Thank you, Mr. Chair.
Mr. Chair, thank you for the opportunity to discuss chapter 1 of our report on Canada's economic action plan. I am accompanied today by John Affleck, the principal on this audit.
As you are aware, the economic action plan was launched in January 2009 in response to the global economic downturn. The plan was intended to stimulate the economy through measures that injected $47 billion in federal spending of public dollars into sectors of the economy and regions of the country in need. This is the second audit of the economic action plan carried out by our office.
Both audits examined programs largely related to infrastructure. In the first audit, tabled in October 2010, we found that the projects we tested met the eligibility criteria established by the terms and conditions of the different programs included in our audit. We also found that government departments and agencies expedited the implementation of economic action plan programs.
To speed up project approval, this department has relied on the attestations of organizations and provinces that projects were construction-ready.
At the time of our first audit we observed that some projects were not construction-ready, despite the attestations, and raised the concern that completion deadlines would not be met.
In the second audit we audited three programs that had been part of the first audit: the infrastructure stimulus fund, knowledge infrastructure program, and community adjustment fund. Together they provided stimulus funding totalling $7 billion.
We examined whether selected federal departments and agencies had monitored progress and federal spending, including whether projects were being completed as intended, had taken corrective action where necessary, and had reported monitoring information to Parliament through departmental performance reports.
We found that the federal entities monitored the progress and spending of projects, permitting them to take corrective action in a number of cases. And, despite deadline extensions, the three programs in our audit largely achieved the economic action plan objective to spend federal resources within the two-year time frame.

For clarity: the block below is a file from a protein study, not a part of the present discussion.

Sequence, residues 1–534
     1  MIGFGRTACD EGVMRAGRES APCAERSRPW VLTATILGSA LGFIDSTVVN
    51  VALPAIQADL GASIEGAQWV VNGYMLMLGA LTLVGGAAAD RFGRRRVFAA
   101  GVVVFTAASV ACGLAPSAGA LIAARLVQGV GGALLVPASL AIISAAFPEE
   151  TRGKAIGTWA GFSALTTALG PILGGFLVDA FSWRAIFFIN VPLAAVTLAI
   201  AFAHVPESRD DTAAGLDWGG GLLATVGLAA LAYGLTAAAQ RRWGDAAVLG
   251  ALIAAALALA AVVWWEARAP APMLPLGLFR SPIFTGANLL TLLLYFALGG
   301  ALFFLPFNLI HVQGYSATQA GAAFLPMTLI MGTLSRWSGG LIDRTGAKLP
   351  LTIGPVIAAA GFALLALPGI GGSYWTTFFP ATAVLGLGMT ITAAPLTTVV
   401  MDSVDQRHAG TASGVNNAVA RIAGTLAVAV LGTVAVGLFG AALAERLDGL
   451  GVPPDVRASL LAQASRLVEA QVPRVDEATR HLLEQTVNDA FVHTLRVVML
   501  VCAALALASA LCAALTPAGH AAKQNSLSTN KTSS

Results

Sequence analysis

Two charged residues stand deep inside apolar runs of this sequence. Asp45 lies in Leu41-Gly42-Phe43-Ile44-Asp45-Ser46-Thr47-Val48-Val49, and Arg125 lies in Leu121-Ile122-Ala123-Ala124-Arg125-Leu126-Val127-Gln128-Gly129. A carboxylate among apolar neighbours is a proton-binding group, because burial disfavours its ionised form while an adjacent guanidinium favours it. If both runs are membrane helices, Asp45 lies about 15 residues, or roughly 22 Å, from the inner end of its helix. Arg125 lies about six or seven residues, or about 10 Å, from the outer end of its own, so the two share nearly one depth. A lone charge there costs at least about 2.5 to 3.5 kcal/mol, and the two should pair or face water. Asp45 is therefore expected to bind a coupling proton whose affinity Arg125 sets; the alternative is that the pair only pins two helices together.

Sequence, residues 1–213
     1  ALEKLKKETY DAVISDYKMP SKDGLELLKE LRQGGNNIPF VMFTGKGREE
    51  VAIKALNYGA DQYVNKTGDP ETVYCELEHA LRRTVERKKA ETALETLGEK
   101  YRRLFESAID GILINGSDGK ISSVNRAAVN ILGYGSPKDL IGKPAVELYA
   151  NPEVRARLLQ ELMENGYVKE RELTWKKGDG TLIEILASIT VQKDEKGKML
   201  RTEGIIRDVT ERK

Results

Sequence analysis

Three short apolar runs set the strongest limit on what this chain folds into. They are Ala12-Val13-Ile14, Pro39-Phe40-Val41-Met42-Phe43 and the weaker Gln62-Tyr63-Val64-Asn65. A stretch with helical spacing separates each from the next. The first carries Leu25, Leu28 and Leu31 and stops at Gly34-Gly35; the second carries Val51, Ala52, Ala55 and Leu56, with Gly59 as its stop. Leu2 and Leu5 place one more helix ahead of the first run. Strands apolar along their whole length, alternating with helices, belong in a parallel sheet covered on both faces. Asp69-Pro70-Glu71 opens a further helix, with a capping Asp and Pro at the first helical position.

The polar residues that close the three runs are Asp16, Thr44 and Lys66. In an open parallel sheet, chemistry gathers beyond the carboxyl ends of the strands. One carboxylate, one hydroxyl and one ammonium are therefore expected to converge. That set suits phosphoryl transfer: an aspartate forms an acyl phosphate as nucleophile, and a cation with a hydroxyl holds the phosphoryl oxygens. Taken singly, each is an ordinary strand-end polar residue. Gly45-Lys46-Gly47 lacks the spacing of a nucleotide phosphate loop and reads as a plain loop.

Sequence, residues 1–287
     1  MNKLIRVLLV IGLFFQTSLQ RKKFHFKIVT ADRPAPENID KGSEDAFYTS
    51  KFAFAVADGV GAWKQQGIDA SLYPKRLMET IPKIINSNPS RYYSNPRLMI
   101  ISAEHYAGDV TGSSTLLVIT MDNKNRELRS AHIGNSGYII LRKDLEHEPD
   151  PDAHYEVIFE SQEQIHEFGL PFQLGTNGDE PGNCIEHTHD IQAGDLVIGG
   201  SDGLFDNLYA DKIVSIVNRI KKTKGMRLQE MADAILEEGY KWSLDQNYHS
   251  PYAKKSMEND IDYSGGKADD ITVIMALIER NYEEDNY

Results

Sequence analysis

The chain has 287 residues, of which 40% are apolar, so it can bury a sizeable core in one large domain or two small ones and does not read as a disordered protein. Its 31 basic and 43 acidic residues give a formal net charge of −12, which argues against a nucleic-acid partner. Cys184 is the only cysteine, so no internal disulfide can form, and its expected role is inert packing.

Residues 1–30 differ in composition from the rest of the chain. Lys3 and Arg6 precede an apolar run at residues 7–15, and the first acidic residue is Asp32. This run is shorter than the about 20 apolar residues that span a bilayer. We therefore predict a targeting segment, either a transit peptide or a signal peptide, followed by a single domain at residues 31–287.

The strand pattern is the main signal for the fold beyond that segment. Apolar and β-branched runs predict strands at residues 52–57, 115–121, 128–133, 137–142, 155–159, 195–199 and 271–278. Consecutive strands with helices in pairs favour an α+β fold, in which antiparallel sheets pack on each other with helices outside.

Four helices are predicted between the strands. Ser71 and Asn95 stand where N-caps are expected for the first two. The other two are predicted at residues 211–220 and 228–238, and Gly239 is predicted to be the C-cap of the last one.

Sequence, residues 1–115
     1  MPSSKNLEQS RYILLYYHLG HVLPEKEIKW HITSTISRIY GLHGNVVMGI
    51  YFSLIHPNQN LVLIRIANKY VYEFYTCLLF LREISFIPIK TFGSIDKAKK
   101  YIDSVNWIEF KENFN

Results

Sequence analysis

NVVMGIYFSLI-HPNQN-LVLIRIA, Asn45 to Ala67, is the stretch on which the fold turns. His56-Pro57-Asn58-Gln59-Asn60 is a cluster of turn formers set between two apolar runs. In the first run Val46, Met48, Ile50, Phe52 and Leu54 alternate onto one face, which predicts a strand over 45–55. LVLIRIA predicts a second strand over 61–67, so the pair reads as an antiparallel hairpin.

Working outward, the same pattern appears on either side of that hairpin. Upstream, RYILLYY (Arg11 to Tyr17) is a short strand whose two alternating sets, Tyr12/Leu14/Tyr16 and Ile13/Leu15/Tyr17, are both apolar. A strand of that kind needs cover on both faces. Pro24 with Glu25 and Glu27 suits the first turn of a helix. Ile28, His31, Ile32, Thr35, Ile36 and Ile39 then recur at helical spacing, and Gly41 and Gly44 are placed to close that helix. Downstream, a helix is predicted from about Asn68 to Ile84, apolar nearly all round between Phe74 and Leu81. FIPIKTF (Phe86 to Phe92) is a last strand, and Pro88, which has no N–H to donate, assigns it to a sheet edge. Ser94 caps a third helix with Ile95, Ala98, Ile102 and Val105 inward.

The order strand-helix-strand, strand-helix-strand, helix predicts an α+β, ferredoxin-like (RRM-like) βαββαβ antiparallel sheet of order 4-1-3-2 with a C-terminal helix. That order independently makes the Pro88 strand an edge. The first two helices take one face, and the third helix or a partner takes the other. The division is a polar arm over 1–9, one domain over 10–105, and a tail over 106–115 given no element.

Departmental data we examined showed that some stimulus projects were progressing slower than expected and were at risk of missing the March 31, 2011 deadline. At the same time, the government was being pressured by municipalities, among others, to allow more time for projects to be completed.
Accordingly, the government reconsidered the deadline for selected economic action plan programs, and it announced the extension of the funding deadline to October 31, 2011 for four infrastructure programs. We found that extensions were supported by an analysis done by the Privy Council Office and the Department of Finance Canada.
Mr. Chair, many projects in both the infrastructure stimulus fund and the knowledge infrastructure program were extended. At the time of our audit, final claims and close-out reports had not yet been submitted. We believe that enough time has passed now for both Infrastructure Canada and Industry Canada to know the total federal spending and final results for these projects.
In the second audit we found that the presentation of the economic action plan performance information in departmental performance reports was fragmented. This made it difficult for parliamentarians and Canadians to obtain an overall picture of results achieved against performance expectations and public resources spent.
Mr. Chair, the significance of $47 billion in federal spending calls for transparent reporting to Parliament on overall stimulus effects. We recommended in our first audit that central agencies prepare a summary report to Parliament at the conclusion of the economic action plan that includes a detailed account of its impact on the economy. The Privy Council Office and the Department of Finance agreed.
Your committee may want to ask the Privy Council Office and the Department of Finance to elaborate on the plan and timeframe for reporting to Parliament on the delivery and economic impact of the economic action plan.
Mr. Chair, this concludes my opening statement. We'll be pleased to answer any questions your committee may have.